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bindingPath

Discussion in 'UIElements' started by Devi-User, Nov 30, 2018.

  1. Devi-User

    Devi-User

    Joined:
    Apr 30, 2016
    Posts:
    61
    I tried to use bindingPath to bind this to a variable. However, I found that binding is always associated with SerializedObjects. Does this really pay off? I could not even bind to EditorWindow after element.Bind (new SerializedObject (window))
    As a whole, I am very confused that we are attached to Unity objects. In fact, this means that I cannot change an object variable without first creating a personal UnityEngine.Object for it. Horror!
    his actually completely negates the creation of a normal architecture in the editor. Maybe someone has already come up with a good practice how to work with it? I thought about container objects but ScriptableObject does not support Generic types. Moreover, it will not allow drawing something non-serializable since the object simply will not have a unityPath.

    Perhaps there is any other approach to binding?
    Initially, I remember ChangeEvent <float> but it confuses me a bit.
    I would like to notify elements about field changes without a specific update call for each element.
    So for example, if I use Slider and FloatField in a pair, I want to see them synchronized. I could call some UI.UpdateValue (id) on the property being changed, but I wouldn’t want to do anything more than this, without specific calls slider.value = value + floatfield.value = value.
    Such a solution, I think, can be done manually, but is there something similar in UIElements?
     
  2. uDamian

    uDamian

    Unity Technologies

    Joined:
    Dec 11, 2017
    Posts:
    220
    Bindings always comes down to the ability to detect changes in your chosen data model. Plain structs and classes that are not serialized by Unity can have their fields changed at any time with no mechanism for change detection.

    This means the only way to "bind" to this type of data is via polling. You can do that as well in UIElements using the scheduler, as shown here (line 164):
    https://github.com/Unity-Technologi.../Assets/QuickIntro/Editor/BasicsDemoWindow.cs

    Video explanation here (at 15:38):


    Going the opposite way (change in field changes the data), you'll have to use the ChangeEvent. That's also explained in the code and video above.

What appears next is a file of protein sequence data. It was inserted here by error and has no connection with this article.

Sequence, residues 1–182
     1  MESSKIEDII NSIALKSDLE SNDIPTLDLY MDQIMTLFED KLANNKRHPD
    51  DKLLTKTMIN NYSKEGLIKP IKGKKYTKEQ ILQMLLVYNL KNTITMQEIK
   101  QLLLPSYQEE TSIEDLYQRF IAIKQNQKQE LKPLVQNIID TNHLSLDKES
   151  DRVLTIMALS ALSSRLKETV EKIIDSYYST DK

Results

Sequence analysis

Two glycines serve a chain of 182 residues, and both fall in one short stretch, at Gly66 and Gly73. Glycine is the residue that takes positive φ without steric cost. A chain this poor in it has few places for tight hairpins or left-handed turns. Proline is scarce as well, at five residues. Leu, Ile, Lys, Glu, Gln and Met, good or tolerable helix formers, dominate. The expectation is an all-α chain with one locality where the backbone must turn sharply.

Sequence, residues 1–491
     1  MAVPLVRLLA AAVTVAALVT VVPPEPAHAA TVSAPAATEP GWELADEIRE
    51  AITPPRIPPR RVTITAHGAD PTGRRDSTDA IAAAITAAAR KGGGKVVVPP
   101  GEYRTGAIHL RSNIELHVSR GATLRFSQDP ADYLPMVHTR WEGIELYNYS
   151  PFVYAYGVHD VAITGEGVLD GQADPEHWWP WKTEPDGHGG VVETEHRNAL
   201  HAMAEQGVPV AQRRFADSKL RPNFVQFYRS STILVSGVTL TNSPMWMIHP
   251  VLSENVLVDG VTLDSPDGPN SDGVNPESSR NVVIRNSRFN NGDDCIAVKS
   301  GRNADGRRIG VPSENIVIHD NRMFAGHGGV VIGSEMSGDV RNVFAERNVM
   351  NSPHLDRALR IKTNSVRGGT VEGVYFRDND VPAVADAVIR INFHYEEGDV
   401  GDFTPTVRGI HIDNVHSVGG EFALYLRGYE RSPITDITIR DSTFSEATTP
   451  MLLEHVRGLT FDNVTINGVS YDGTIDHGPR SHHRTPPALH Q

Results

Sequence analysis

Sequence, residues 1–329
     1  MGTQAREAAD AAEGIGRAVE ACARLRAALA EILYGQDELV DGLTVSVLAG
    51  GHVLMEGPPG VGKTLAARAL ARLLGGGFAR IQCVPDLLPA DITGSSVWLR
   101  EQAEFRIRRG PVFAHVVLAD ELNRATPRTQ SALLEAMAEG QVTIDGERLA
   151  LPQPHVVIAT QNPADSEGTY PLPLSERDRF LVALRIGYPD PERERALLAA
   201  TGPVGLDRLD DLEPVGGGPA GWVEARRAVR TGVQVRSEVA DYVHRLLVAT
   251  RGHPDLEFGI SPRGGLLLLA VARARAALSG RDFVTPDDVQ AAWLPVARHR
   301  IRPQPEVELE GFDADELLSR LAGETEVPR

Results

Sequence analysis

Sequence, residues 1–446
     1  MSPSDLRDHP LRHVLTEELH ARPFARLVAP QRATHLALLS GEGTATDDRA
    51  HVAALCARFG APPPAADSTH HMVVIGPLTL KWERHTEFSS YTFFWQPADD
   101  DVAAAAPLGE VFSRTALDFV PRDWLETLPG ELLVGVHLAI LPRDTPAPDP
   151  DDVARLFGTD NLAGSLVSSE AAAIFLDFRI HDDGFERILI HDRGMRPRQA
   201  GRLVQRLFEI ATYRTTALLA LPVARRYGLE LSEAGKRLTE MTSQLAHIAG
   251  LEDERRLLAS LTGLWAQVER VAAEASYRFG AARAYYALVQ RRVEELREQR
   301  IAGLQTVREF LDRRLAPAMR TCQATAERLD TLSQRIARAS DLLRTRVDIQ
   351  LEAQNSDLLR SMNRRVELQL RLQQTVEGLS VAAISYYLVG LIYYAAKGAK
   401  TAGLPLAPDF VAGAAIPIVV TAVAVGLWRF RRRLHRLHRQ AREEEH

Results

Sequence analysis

The binding system in UIElements is not, at its core, tied to UnityEngine.Object. You can create a custom binding system using public APIs that can bind to other types of data, but you'll be mostly on your own.

    We focused on making binding to SerializedObjects because that is the current bindable data type in Unity. It's how you bind IMGUI controls to data and it's also the data model (as MonoBehaviours) for uGUI.

    As other data models become available, we've left room in the architecture to add bindings support for them.
     
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  3. Devi-User

    Devi-User

    Joined:
    Apr 30, 2016
    Posts:
    61
    As a result, I came to my mind, using what you said.

    Code (CSharp):
    1.  
    2. public static BaseField<T> RegisterGetSetCallbacks<T>(this BaseField<T> field, Func<T> getter, Action<T> setter)
    3. {
    4.     field.OnValueChanged(s => { setter(s.newValue); });
    5.     field.RegisterCallback<BlurEvent>(evt => { field.value = getter(); }, TrickleDown.TrickleDown);
    6.  
    7.     var fieldValue = getter();
    8.     field.value = fieldValue;
    9.     setter(fieldValue);
    10.  
    11.     field.schedule.Execute(() =>
    12.     {
    13.         if (field.focusController.focusedElement != field)
    14.         {
    15.             var val = getter();
    16.             field.value = val;
    17.         }
    18.     }).Every(100);
    19.     return field;
    20. }
    example:
    Code (CSharp):
    1. zoomField.RegisterGetSetCallbacks(() => zoom,
    2.                 value =>
    3.                 {
    4.                     zoom = Mathf.Clamp(value, .5f, 10f);
    5.                     UpdateZoom();
    6.                 });
    It confuses me that it allocates, but as long as there are few elements, this is not critical.
     
    Last edited: Nov 30, 2018
  4. uDamian

    uDamian

    Unity Technologies

    Joined:
    Dec 11, 2017
    Posts:
    220
    Yep, that works. If it proves popular/useful, we can eventually add this helper in the core API.

    You could optimize it a bit by not creating a scheduled task per element but aggregating a polling task for a bunch of elements. You can further eliminate some allocations by replacing your ChangeEvent lambda with a proper method.